April 14, 2021 by David Gambrill
Auto insurance has introduced pay-as-you-go options for personal clients, but in the era of business shutdowns to prevent the spread of COVID-19, it seems as though commercial lines could use a similar option as well.
Brokers in a LinkedIn thread recently discussed the conundrum facing their business clients when they purchase insurance for a year and then have to shut down and restart at various points throughout the one-year policy term.
The thread began with Jeff McCann, founder and CEO of Apollo Insurance, quoting from a question he received from a broker regarding a client operating a martial arts business.
“I have a client with quite the conundrum,” the broker told McCann. “He has just taken out a policy…under Calgary [business]. He runs a martial arts studio. He recently took out the policy because the government had opened up this type of business due to [the decrease in] COVID [infection] numbers. They have since changed their minds and have closed up his type of business again.
“He doesn’t know what to do about his insurance. He said he doesn’t want to pay for the insurance while he can’t operate, but is afraid that if he cancels and takes the policy again when things open up, they might close down again shortly after.”
McCann framed the question by suggesting the insurance industry could use the assistance of government in offering these business owners some form of relief.
The scenario is not far-fetched, as other brokers reported in the thread. Another broker raised a similar issue with a client’s coverage.
“Just had a similar scenario come up this week,” the broker reported. “Her business has been closed for the last nine out of 13 months. She continued to pay all the way through, but [is] now looking for help with her renewal. She can’t afford to renew for lack of cash flow but can’t operate without insurance.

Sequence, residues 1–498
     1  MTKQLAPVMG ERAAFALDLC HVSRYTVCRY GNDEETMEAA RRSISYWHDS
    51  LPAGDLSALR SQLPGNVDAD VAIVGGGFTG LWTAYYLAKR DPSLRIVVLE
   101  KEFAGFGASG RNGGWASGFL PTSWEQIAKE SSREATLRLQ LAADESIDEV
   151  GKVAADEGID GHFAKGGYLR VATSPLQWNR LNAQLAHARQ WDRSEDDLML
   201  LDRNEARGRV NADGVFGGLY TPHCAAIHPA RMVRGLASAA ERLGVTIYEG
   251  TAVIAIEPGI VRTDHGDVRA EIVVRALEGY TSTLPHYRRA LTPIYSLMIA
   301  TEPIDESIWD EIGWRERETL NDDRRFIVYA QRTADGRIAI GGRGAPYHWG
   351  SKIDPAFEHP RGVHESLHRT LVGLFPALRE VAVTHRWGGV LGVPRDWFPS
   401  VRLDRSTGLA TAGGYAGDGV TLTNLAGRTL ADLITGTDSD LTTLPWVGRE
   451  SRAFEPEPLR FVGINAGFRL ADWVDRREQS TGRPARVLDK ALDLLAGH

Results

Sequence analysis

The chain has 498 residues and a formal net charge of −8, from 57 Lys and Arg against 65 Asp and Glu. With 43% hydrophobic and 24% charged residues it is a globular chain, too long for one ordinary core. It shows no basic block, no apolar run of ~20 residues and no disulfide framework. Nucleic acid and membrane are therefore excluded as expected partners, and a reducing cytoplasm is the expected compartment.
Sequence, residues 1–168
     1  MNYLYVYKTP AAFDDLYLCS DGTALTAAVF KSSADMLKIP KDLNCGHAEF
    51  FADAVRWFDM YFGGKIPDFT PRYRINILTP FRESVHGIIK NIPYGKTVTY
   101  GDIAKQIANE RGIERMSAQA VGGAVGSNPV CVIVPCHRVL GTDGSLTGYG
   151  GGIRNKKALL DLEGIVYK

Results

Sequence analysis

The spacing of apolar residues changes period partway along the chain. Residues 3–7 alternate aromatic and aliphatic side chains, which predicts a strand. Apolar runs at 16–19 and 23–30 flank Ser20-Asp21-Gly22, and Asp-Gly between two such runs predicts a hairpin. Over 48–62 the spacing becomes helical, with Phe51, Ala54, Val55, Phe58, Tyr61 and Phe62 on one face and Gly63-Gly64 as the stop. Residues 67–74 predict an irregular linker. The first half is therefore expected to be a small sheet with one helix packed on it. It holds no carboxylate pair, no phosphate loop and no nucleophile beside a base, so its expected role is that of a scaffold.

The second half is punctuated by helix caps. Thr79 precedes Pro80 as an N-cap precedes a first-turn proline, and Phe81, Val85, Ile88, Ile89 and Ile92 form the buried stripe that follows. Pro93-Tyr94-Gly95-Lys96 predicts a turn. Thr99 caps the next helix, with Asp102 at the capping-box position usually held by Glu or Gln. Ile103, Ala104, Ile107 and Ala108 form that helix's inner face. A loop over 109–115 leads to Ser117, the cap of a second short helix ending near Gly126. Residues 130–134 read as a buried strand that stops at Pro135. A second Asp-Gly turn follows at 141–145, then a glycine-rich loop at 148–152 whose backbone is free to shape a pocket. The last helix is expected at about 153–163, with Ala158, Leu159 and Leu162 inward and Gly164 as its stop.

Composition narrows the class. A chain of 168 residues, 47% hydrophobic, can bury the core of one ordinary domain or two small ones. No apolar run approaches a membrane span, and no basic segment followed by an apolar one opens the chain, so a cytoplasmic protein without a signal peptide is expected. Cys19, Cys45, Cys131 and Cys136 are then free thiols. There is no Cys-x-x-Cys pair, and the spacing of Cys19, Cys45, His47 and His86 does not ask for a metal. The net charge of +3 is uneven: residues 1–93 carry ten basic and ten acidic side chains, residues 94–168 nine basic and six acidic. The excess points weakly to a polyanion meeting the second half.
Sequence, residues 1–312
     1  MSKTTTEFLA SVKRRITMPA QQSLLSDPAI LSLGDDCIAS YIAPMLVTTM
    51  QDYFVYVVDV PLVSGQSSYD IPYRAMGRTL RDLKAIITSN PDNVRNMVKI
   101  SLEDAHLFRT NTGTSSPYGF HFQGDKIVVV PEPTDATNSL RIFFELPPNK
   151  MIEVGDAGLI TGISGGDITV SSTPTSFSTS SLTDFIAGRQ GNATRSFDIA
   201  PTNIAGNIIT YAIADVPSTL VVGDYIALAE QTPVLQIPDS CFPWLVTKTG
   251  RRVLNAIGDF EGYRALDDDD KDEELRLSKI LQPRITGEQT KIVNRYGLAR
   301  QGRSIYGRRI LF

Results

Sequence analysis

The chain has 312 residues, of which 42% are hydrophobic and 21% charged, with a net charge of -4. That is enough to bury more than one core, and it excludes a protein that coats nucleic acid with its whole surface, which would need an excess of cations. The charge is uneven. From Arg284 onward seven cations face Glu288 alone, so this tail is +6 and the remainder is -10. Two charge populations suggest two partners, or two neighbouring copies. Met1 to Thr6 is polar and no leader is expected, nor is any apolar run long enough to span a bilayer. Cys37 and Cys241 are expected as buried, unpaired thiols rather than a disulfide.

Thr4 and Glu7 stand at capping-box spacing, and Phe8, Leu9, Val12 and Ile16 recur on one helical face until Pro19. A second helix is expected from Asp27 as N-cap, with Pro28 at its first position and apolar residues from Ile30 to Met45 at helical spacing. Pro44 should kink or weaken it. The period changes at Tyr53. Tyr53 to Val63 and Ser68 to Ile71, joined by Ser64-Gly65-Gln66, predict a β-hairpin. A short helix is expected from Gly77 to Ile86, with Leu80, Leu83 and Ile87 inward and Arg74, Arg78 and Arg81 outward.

“She will need to renew when her business is allowed to open, but that won’t be until after her renewal date. Very frustrating for all these small business owners who have been closed down for the bulk of the last year.”
One commercial insurance advisor at a large Canadian brokerage firm offered one possible way out for clients facing these circumstances. But it would take insurers to offer this kind of option.
“Interesting thought, some companies offer a dormancy option, mostly used in other lines of business,” the broker observed. “This option places the policy on hold in sorts. It covers the client for past completed operations, but doesn’t offer coverage for new operations going forward.
“Once the economy picks up, or in this case [if] COVID relaxes, the client could resume normal operations. If insurance companies could write this within their wordings for lines of business in respect to COVID at a reduced premium, this would help with retention and help the client at the same time.”
One LinkedIn poster, the general manager of a brokerage, observed that the broker in this situation should be helping the client risk manage their way out of the dilemma.
“Not an easy choice,” the general manager commented regarding the client’s situation. “Insurance should not be a YES or NO choice; but what do I REALLY need and WHY do I need it?
“Is he responsible under his lease to have liability insurance? Does he want coverage for his contents from common perils such as fire and theft? His liability cost is based on how busy he is, but most likely he is paying minimum for that already.
“This client may need some risk management review on his operations, so he can understand what he can avoid, reduce, assume or transfer to an insurance program. Sounds like he already has minimal transfer, and may not be able to remove that portion under lease. His agent should be helping him with these decisions.”
Feature image courtesy of iStock.ca/lakshmiprasad S